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This technical report was authored by the principal of RER Renewable Energy Research when he was an employee of GPCo Inc.
Ross, Michael. Impacts of Turbine Icing at Rumble Ridge. Report to BC Hydro. Varennes, Québec: GPCo Inc., 2002. (Technical Report)
The operation of wind turbines at sites prone to ice accumulation creates particular challenges that must be addressed through appropriate equipment selection and operating procedures. This report provides background information on icing, how it accumulates on turbine blades and the problems it causes for wind turbines. It also examines the icing conditions that will be encountered at Rumble Ridge, the proposed site for a 10 to 40 MW wind farm, and provides guidance on the selection of turbines for this site.
Glaze and rime are two forms of ice that accrete on turbine blades and reduce their aerodynamic performance significantly. Glaze is smoother than rime, tends to follow the contour of the blade, sheds more easily from the blade, and is therefore less problematic than rime, which is rough and can form large, long-lived accumulations.
Past experiences with turbines operating in icing environments have revealed three problems: increased structural loads, reduced power production, and safety concerns about falling and flung ice. Operation under heavy icing loads or during periods when asymmetric icing of the rotor causes vibrations is not recommended. At sites with severe icing, power production losses of 10 to 20% of annual production have been attributed to aerodynamic changes in the iced blade, turbine shut down due to iced instruments, and vibrations caused by asymmetric accumulation.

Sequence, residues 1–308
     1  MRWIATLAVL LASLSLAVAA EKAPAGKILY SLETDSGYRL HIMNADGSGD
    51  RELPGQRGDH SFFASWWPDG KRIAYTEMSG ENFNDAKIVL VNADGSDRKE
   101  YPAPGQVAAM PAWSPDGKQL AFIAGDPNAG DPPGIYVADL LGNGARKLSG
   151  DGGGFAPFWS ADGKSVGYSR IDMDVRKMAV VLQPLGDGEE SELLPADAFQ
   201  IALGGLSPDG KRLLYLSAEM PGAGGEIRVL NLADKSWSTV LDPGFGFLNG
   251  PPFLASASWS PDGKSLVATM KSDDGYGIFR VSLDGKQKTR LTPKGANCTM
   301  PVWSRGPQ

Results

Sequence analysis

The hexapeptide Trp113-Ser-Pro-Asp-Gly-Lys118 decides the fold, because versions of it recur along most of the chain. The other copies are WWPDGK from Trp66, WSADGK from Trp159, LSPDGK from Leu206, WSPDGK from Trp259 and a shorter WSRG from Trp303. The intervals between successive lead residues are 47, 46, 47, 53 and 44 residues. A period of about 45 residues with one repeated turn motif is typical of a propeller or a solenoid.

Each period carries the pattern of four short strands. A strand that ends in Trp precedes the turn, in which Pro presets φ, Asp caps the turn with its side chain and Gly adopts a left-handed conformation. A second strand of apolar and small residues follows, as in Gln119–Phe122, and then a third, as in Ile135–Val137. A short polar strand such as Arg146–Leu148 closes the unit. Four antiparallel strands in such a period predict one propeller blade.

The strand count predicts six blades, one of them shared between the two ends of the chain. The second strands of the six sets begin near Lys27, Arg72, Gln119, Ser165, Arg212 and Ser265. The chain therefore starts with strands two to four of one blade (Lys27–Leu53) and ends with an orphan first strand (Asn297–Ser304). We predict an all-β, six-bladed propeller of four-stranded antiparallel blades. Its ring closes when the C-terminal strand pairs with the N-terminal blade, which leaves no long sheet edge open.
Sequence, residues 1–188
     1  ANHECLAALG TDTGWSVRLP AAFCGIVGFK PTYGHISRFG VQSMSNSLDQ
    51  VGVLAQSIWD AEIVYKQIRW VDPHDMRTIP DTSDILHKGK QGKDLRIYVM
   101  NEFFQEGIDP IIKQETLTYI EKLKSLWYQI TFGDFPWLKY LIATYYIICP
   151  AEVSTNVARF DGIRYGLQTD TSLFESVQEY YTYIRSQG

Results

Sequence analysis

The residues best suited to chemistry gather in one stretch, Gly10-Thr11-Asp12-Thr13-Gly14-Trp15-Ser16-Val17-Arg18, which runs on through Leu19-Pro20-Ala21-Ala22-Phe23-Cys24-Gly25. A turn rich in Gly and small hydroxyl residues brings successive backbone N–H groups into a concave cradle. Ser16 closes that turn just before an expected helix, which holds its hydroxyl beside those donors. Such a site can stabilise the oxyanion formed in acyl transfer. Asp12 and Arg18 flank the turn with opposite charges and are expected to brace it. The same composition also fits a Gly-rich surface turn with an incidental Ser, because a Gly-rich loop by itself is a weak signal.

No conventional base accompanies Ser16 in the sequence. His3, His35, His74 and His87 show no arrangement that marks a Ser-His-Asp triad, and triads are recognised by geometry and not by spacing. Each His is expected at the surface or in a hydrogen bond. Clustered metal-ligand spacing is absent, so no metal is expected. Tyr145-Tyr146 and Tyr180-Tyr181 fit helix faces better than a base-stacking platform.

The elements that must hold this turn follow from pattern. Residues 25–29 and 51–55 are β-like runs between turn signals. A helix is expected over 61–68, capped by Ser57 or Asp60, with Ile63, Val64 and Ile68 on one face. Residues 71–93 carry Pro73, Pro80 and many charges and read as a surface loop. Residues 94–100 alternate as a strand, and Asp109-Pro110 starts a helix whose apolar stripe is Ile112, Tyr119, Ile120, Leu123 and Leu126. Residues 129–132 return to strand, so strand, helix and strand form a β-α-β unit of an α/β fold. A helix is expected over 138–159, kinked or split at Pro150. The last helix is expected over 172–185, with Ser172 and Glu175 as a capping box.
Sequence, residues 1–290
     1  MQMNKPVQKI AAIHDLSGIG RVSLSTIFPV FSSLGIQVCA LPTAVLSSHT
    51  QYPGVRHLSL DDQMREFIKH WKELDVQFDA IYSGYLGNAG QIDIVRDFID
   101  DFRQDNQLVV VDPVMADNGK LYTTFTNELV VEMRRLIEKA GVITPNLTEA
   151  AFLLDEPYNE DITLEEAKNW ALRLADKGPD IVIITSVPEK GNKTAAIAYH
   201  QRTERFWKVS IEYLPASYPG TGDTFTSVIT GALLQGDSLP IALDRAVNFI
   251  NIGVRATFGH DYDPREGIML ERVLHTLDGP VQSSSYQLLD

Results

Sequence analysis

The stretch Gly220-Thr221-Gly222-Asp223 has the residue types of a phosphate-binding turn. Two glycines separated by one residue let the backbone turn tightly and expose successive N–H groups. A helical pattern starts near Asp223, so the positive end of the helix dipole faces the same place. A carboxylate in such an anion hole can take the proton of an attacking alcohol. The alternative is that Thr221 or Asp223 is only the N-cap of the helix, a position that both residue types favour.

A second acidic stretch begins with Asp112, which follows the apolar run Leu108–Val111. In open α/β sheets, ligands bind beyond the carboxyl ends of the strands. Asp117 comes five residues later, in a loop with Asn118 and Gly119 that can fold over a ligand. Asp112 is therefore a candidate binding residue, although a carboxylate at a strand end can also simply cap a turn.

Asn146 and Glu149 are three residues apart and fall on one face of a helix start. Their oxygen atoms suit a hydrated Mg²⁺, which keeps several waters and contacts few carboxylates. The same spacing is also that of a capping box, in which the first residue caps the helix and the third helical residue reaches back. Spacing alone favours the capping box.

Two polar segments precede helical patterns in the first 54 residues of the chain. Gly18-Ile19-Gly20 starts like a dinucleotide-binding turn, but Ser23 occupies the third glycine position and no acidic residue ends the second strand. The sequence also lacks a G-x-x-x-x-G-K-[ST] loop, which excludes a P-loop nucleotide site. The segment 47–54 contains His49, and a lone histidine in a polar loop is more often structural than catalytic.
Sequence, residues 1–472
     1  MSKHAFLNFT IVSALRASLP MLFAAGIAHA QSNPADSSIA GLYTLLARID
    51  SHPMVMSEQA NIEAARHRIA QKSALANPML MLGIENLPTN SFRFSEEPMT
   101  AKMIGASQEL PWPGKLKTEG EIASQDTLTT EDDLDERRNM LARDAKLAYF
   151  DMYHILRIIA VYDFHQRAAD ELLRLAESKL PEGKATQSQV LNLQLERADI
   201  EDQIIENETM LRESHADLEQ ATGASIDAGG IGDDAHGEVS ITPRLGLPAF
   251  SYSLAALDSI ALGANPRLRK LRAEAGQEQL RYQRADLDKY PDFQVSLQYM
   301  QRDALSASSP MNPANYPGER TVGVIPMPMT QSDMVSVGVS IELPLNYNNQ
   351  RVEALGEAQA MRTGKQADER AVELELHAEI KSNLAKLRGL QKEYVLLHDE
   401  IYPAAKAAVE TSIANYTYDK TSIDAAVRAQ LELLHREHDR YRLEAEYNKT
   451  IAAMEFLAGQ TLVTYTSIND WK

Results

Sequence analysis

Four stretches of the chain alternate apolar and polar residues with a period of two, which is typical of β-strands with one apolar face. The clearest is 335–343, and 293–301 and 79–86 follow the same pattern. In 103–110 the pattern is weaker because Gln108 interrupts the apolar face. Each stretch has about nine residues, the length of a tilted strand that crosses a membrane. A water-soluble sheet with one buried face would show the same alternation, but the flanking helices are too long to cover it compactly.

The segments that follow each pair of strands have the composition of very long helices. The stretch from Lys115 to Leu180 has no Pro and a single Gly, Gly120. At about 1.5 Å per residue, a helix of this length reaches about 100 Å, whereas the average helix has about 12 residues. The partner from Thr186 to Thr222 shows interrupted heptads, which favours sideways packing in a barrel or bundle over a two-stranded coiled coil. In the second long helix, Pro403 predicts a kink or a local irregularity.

The principal forms of icing at Rumble Ridge will be:
Glaze and hard rime will accrete during a significant portion of the time that the site is below freezing. Wet snow and soft rime accretions will be both less frequent and occur at low wind speeds, and therefore have only a minor impact on energy production. Both glaze due to freezing rain and frost will be very rare. All types of accretions will tend to be short-lived due to frequent temperature excursions to levels above freezing.
At Rumble Ridge, electrical production losses due to icing would be about 20% of annual energy production if the turbines were shut down whenever some form of ice was present on the instruments; this is an upper limit. In reality, production losses are more likely to fall in the range of 5 to 10%. Turbines are likely to be operating with some ice on them 10 to 15% of the time, but accretions likely to cause heavy loads or serious imbalance would not occur more than 5% of the time. Falling or flung ice will be a safety hazard 10 to 15% of the time.
The following graph shows the fraction of each month during which measured data from the winter of 2001/2002 revealed that there was some ice present on one or more instruments at Rumble Ridge. Radiosonde data from Port Hardy was also used to estimate the fraction of each month during which ice would be present; for the months of September 2001 through January 2002, these estimates match the observed fraction very closely. Based on 12 years of radiosonde data, it appears that ice was more prevalent during the winter of 2001/2002 than is normal.
Since a blade heating system would increase the capital cost of a turbine by a fraction comparable to the fraction of potential production that would be lost to ice without blade heating, it is difficult to justify the installation of anti-icing technology at Rumble Ridge. Furthermore, no turbine manufacturer currently offers a tested blade heating technology.
Created 2005/07/18 Updated 2012/10/02 ©2005-2012 RER Energy Inc.